Guiselle Alpizar, Loreto Biehl (BID), Juan Manuel Hernandez-Agramonte (IPA), Ursula Luna, Laura Ochoa Foschini, Juan Maragall (BID), Carolina Méndez (BID), Kelly Montaño, Olga Namen, Emma Näslund-Hadley (BID), Brunilda Peña de Osorio (MINED) y Jennelle Thompson (BID)
School closures in the wake of the COVID-19 pandemic have created an unprecedented disruption to education systems for 1.6 million learners in 190 countries. Overnight, education worldwide shifted from face-to-face instruction to entirely remote learning environments. Although the speed with which emergency remote education was launched in several education systems efforts is laudable, it harbors many challenges for children’s learning and wellbeing.
Through a survey of 62,837 caregivers of young children in four Latin American countries, we asked households about their experiences with emergency distance education and mental health during the pandemic. The caregivers responded to a self-administered online survey, mainly filling it out using smartphones, which are widely used across socioeconomic groups in the participating countries. This survey gives us a first window into how the crisis is affecting the health of children and youth, their caregivers, and educators.
Our findings suggest that mental health consequences on an unprecedented scale among children are looming in Latin America. The survey suggests that the COVID-19 crisis will increase already existing learning inequalities, as some children will have the opportunity to continue progressing during the crisis, while their peers from families from low socio-economic status lose ground. Households from a low socioeconomic status reported greater increases in food insecurity that they attribute to the crisis, raising flags about long-term effects on children’s brain development and growth.
Caregivers also report that their children present increased symptoms of distress during the pandemic, 61% of them displaying at least one symptom of mental distress. Around a third of children have trouble sleeping and are sad, and two fifth are nervous and worried. On average, caregivers report that girls experience more symptoms of mental distress, ranging from a 4.4% gap in worry to a 3.3% gap in insomnia. The caregivers’ concerns about children’s mental wellbeing are echoed by the children’s educators who report that they worry about their students’ mental wellbeing, with 9% stating that families contact them with concerns about high levels of child distress.
But it is not just the children that policy makers need to be concerned about. We find that caregivers’ mental distress is strongly correlated with the mental distress of children. Controlling for socioeconomic level, the distress of the caregiver increases the level of distress of children by 55%. Caregivers of children in the 0 to 7 age-group report substantial impacts of the COVID-19 pandemic on their own mental health. The levels of distress are particularly elevated among mothers who shoulder the bulk of the burden of supporting children’s remote education.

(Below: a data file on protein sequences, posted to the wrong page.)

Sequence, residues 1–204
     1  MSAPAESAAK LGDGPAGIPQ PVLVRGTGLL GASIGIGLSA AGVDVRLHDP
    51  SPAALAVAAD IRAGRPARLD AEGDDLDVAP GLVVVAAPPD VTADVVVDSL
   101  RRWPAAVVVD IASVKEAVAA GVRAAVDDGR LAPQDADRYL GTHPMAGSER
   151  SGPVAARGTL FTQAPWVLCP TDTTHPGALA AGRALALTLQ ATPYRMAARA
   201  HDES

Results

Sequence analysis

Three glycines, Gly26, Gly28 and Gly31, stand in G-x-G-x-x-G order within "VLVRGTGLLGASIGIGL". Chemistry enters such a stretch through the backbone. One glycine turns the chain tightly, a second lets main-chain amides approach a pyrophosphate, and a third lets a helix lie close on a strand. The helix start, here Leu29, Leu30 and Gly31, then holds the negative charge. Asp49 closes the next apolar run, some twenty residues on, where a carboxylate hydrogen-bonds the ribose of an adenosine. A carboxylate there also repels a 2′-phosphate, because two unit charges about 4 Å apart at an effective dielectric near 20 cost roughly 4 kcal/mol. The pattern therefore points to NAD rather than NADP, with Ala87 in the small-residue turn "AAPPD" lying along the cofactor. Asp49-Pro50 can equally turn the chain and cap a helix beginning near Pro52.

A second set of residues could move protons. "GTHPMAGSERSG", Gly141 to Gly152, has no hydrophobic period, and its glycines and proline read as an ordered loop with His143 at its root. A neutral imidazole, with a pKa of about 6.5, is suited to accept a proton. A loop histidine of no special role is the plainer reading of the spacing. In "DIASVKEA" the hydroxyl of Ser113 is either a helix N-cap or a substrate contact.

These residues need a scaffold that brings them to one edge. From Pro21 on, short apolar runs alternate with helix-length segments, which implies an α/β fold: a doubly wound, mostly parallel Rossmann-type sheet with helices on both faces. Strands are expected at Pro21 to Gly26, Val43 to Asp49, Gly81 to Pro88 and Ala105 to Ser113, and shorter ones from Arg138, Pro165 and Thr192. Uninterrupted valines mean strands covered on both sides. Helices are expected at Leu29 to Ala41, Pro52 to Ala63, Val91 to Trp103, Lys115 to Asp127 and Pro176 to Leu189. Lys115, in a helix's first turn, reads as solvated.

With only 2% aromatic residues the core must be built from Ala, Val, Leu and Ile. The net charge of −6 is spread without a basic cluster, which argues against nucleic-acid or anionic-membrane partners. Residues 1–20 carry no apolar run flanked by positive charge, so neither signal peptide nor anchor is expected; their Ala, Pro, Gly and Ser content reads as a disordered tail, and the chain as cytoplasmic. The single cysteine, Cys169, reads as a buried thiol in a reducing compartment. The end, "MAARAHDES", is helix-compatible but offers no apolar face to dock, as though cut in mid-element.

A vast majority of the 62,837 caregivers surveyed report experiencing at least one symptom of deteriorated mental health during the pandemic. Roughly half of the caregivers report feeling sad (48%), and around six out of ten are tired (66%), fearful (60%) and have insomnia (59%). Four out of ten report a lack of appetite (41%). We found that the higher the level of distress of caregivers, the lower their levels of investment in their children in terms of quality time (e.g. playing, reading and singing); and type and quantity of toys, including homemade toys (the correlation is significant at the 5% level).
All four countries – Colombia, Costa Rica, El Salvador, and Peru – have adapted a multiplicity of approaches to relieve the social and mental health impact of the COVID-19 crisis on young children’s wellbeing. This survey makes clear, however, that despite existing efforts, Latin America’s policy makers need to take forceful action on two fronts. First, make investments to reduce the stressors for households with young children, such as the provision of food to vulnerable households. Second, nations must invest directly in mental health support for ECD centers and schools in preparation eventual reopening.
This regional study is the result of a collaboration between the Ministries of Education in El Salvador (MINED), Perú (MINEDU) and Costa Rica (MEP) and the Institute of Family Wellbeing in Colombia (ICBF) joined forces with Innovations for Poverty Action (IPA) and the Inter-American Development Bank (IDB). If you want to know more read our note in the IDB series Let’s Talk Education Policy. We thank the IDB ECD Fund, FEMSA and Open Society Foundation for generous funding.
How should ministries of education respond to the mental health needs of students? What are best practices of ministries of health and education joining forces to promote the mental health of young children and their families? Share your comments with us in the section below, or comment on Twitter @BIDEducacion #EnfoqueEducacion #Hubdedesarrolloinfantil @Poverty_Action.